Hello, my name’s Sam. With Valentine’s Day on the horizon, I decided I wanted to do something really special for my other half. But what could I do to show the man I adore that he means so much to me? The perfect idea struck me like Cupid’s arrow: I would let web advertising dictate my Valentine’s Day. After all, what better way to prove my love than with an online marketing-based experiment?
Day oneand I was feeling hopeful. My initial forays into the world’s favourite search engine turned up some promising results – we’re talking prime time online shops like Find Me a Gift and Not on the High Street. Surely, I’d end up with a charming, relevant token of my affection? What could possibly go wrong? A few cursory clicks to indicate curiosity and I was done for the day. Worryingly, searches for restaurants and meals returned results in London, Oxford and, er, Sedlescombe, East Sussex. I love my boyfriend, but that’s a lot of petrol.
Three days in and I hit a snag. My job entails visiting a lot of automotive websites, so the appearance of relevant adverts got off to a supremely slow start. LinkedIn seemed particularly set on the idea of selling me an SUV. Again, I would buy anything for love but I won’t buy that.
Finally, after five days I got my first, true Valentine’s advert, served up on the side of Outlook. It was big. It was shiny. It was an OPK stainless steel ‘his and hers’ necklace set. I’m not quite sure why Amazon thought I’d like this item based on my past preferences, but a comment from my colleague said it all: ‘Who knew you could get such a substantial chunk of metal for just £12.99?’Shortly after, toiletries, cufflinks and fragrances start rearing their romantic heads. Yes, I thought. I’ve broken through the barricades. Valentine’s Day, I’m coming for you.
Two and a half weeksto go and lastminute.com popped up in my inbox, in a more pre-emptive manner than their name suggests. They wanted me to book a visit to a spa (classic), comedy club (couples that laugh together, stay together) or burlesque night. Hang about! We’re in the throes of young love here, I doubt very much my other half would be interested in watching another woman flouncing her bits about. How dare the internet. Next it’ll be suggesting sex toys, I thought. The very next day, I was bombarded by ads for furry handcuffs.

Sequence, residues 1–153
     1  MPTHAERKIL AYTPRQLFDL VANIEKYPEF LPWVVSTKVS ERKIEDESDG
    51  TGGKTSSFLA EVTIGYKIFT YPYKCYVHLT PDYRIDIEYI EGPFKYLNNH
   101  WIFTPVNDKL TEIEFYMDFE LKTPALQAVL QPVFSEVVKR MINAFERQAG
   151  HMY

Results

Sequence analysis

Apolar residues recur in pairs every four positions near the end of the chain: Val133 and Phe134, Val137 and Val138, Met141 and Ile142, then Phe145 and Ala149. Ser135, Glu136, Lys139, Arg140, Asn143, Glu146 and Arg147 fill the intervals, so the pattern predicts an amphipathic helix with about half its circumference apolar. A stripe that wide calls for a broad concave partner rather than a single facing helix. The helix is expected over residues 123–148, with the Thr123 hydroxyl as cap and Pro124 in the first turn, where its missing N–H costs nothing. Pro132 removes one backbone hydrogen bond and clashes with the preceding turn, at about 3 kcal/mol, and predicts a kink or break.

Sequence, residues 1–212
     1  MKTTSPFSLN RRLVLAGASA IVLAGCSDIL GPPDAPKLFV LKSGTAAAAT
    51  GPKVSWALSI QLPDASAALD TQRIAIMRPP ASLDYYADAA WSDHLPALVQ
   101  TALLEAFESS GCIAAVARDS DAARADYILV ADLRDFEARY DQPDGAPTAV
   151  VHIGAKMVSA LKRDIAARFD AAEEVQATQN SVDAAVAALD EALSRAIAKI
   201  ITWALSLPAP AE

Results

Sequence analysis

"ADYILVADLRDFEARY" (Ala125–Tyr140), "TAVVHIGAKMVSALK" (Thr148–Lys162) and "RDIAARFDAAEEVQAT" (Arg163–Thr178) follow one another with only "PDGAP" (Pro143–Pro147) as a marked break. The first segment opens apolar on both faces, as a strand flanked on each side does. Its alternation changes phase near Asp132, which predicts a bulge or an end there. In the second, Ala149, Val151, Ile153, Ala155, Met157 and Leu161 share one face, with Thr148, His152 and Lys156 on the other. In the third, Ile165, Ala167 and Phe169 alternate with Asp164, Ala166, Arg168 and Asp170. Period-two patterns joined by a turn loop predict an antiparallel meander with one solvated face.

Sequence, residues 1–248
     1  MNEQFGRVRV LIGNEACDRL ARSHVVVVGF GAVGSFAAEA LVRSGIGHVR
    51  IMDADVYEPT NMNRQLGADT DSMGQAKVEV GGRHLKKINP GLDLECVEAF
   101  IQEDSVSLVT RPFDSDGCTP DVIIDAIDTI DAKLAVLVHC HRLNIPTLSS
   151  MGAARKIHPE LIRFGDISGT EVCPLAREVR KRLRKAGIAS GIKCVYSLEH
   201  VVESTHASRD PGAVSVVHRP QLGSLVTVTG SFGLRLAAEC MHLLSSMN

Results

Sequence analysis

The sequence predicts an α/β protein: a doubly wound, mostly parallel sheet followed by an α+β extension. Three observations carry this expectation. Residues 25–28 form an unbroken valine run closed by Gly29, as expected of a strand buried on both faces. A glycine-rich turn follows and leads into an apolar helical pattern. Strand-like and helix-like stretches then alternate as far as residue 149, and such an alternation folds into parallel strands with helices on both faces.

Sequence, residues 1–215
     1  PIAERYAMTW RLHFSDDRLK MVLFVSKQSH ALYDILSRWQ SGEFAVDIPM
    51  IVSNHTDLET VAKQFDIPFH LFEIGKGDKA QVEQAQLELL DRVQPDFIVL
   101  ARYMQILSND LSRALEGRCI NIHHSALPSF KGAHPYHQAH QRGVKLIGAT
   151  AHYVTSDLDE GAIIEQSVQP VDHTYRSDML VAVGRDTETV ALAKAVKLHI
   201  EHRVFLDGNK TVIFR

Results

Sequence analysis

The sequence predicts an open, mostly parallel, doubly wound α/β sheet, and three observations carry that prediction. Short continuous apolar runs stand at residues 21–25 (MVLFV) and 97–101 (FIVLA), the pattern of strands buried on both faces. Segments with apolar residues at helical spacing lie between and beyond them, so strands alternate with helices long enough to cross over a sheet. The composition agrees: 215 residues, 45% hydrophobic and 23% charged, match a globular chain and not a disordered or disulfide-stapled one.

A week laterand I was in for a big surprise, with Unique Masonic Gifts making it to the top of my search results. Either I’m sending out secret signals or the movement is way more mainstream than I thought. Nonetheless, I was intrigued and after several minutes browsing signet rings (fancy), leather gloves (luxurious) and books on ‘Masonic After Dinner Speaking’ (practical) I forced myself to click away for fear of being enlisted. It’s got to be said, with their offer of free shipping and a flashy Valentine’s day banner on their site, the Freemasonsreally nailed this seasonal marketing thing.
With the experiment over, I was forced to splash out on the aforementioned OPK necklace set, which had been hanging about like a bad smell since day five. Well done, Amazon, my boyfriend hates it. As for greetings cards, Moonpigreally had the monopoly on ad space and definitely won the greeting cards war. Oh, and we went out for dinner in Oxford in the end – there was no way I was driving to East Sussex on a school night.
So, thanks to digital advertising I had a fantastic Valentine’s Day, but what are the benefits for brands that pay to promote themselves online? Whether opting for Facebook standard or carousel ad formats, or GDN banners, companies can connect with their most likely customers. Thanks to a healthy dose of technological wizardry, this kind of advertising employs tools like keyword, interest and demographic targeting to ensure the right ads get in front of the right people. Better still, by buying into things like clever pay-per-click (PPC) campaigns, the whole process can be incredibly cost efficient too.
To learn more about increasing your company’s online reach, get in touch.
Article by Samantha Emmett
Copywriter, dog lover and arts and crafts fanatic.